Proofpoint’s executive compensation system rewards cash bonuses for meeting revenue and EBITDA targets. Equity based awards are given based on revenue, bookings, gross margin, and cash flow targets. Despite growing losses, executive pay has only increased in recent years, largely due to equity compensation. We would much rather see executive comp tied to ROIC rather than revenue and EBITDA which can grow even while the company is destroying shareholder value.

Impact of Footnotes Adjustments and Forensic Accounting

We have made several adjustments to Proofpoint’s 2014 10-K. The adjustments are:

Income Statement: we made nine adjustments with a net effect of removing $18 million of non-operating expenses (9% of revenue). One of the most notable adjustments made was the removal of $1.1 million in non-operating expenses related to litigation costs that was hidden in operating earnings. We made no non-operating income expenses.

Balance Sheet: we made $232 million of balance sheet adjustments to calculated invested capital with a net decrease of $184 million. The largest adjustment was the removal of $38 million due to midyear acquisitions. This adjustment represented 14% of reported net assets.

Valuation: we made $605 million of value decreasing adjustments. There were no value increasing adjustments. The largest adjustment to shareholder value was the removal of $246 million in outstanding employee stock options. This adjustment represented 10% of Proofpoint’s market cap.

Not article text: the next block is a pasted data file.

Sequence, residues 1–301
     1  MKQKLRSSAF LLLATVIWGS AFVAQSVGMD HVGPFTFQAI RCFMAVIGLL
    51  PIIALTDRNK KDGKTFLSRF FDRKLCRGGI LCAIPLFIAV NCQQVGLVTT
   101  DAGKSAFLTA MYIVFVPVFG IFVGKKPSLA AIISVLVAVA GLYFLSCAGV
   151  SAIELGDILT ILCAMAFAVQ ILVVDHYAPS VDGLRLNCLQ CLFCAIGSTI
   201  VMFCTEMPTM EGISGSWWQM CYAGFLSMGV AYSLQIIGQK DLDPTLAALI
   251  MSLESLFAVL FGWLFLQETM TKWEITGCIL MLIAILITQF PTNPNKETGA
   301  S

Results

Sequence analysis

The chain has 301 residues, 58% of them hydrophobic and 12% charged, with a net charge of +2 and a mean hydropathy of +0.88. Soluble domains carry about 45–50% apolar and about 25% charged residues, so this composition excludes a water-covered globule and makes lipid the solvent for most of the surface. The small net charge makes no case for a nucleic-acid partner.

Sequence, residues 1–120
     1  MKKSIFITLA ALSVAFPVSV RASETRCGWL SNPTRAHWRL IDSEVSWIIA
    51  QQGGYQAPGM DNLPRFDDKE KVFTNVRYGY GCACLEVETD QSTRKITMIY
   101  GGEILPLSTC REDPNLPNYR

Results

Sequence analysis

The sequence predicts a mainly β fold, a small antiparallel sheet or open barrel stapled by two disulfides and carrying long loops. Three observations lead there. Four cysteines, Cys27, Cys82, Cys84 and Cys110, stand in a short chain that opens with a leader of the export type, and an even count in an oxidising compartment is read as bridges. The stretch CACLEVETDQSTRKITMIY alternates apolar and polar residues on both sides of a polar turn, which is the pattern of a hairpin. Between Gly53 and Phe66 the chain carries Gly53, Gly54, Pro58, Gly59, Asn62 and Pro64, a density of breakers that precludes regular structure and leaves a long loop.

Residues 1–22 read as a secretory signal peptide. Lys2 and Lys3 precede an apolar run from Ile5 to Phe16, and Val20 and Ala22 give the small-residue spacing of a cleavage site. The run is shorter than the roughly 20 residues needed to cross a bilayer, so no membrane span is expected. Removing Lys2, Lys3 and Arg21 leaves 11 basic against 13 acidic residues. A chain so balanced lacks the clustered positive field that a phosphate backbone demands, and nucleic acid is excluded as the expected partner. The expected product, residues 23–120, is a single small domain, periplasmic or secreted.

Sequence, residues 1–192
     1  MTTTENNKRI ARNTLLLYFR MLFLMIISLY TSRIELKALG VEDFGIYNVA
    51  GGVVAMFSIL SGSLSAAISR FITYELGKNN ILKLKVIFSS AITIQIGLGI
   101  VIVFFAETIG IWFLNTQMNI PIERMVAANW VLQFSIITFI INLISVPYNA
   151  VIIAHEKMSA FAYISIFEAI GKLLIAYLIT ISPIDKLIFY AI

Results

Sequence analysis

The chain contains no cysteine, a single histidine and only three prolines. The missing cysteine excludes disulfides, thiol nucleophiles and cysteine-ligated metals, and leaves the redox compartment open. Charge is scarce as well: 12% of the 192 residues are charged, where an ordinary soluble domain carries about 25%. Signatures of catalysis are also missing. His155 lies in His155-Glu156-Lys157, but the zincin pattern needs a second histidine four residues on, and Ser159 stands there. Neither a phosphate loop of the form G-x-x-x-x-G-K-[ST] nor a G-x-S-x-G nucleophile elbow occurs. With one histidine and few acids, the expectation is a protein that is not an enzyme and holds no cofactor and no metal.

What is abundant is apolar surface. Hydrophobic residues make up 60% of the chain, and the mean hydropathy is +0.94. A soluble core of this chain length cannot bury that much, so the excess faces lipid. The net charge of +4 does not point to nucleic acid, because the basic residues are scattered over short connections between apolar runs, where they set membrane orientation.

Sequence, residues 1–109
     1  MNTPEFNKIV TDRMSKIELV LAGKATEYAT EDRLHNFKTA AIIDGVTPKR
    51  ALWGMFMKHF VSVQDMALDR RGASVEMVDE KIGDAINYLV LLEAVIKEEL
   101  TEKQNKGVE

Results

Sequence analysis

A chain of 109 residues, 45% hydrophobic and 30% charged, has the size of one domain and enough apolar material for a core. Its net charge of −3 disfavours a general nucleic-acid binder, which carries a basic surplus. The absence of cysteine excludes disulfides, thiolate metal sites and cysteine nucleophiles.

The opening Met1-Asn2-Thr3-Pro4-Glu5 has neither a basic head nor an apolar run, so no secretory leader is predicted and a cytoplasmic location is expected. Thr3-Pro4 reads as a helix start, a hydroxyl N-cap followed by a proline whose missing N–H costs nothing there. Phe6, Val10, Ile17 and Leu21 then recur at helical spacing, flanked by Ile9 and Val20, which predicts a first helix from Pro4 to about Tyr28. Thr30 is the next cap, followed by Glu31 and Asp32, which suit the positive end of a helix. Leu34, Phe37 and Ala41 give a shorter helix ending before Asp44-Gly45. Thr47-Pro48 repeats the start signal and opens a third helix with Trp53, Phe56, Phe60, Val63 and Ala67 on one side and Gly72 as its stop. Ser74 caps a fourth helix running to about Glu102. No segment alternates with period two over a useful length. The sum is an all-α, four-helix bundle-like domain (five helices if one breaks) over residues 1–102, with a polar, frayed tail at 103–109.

Dangerous Funds That Hold PFPT

The following fund receives our Dangerous rating and allocates significantly to Proofpoint.

  1. RS Investment Trust Technology Fund (RSIFX) ­– 3.6% allocation and Very Dangerous rating
  2. RS Investment Trust Small Cap Growth Fund (RSEGX) – 2.9% allocation and Very Dangerous rating

Disclosure: David Trainer and Kyle Guske II receive no compensation to write about any specific stock, style, or theme.

Click here to download a PDF of this report.



  • Kyle Guske II

    December 3, 2015

    Proofpoint down over 5% today as short seller Carson Block names it his best short bet. Carson states “One of the things the company likes to do is characterize itself as a cyber-security company. But it’s an email security company. The management is misleading the market.”

  • Ida

    May 6, 2016

    What Kyle may be confused about is the amount of threats that ride in…on…and over our email systems; the current research is 90%. It is like saying Krispy Kreme is a flour and sugar distributor……..duh! I guess it sounds worse when people (shorts) shout “emails” as if this is less sexy than cybersecurity. Proofpoint’s future is unknown by all, but do not listen to the rhetoric by those who think cybersecurity is being performed on novel platforms………………it is about emails plain and simple. Some of the trickiest little fraudsters are in your inbox.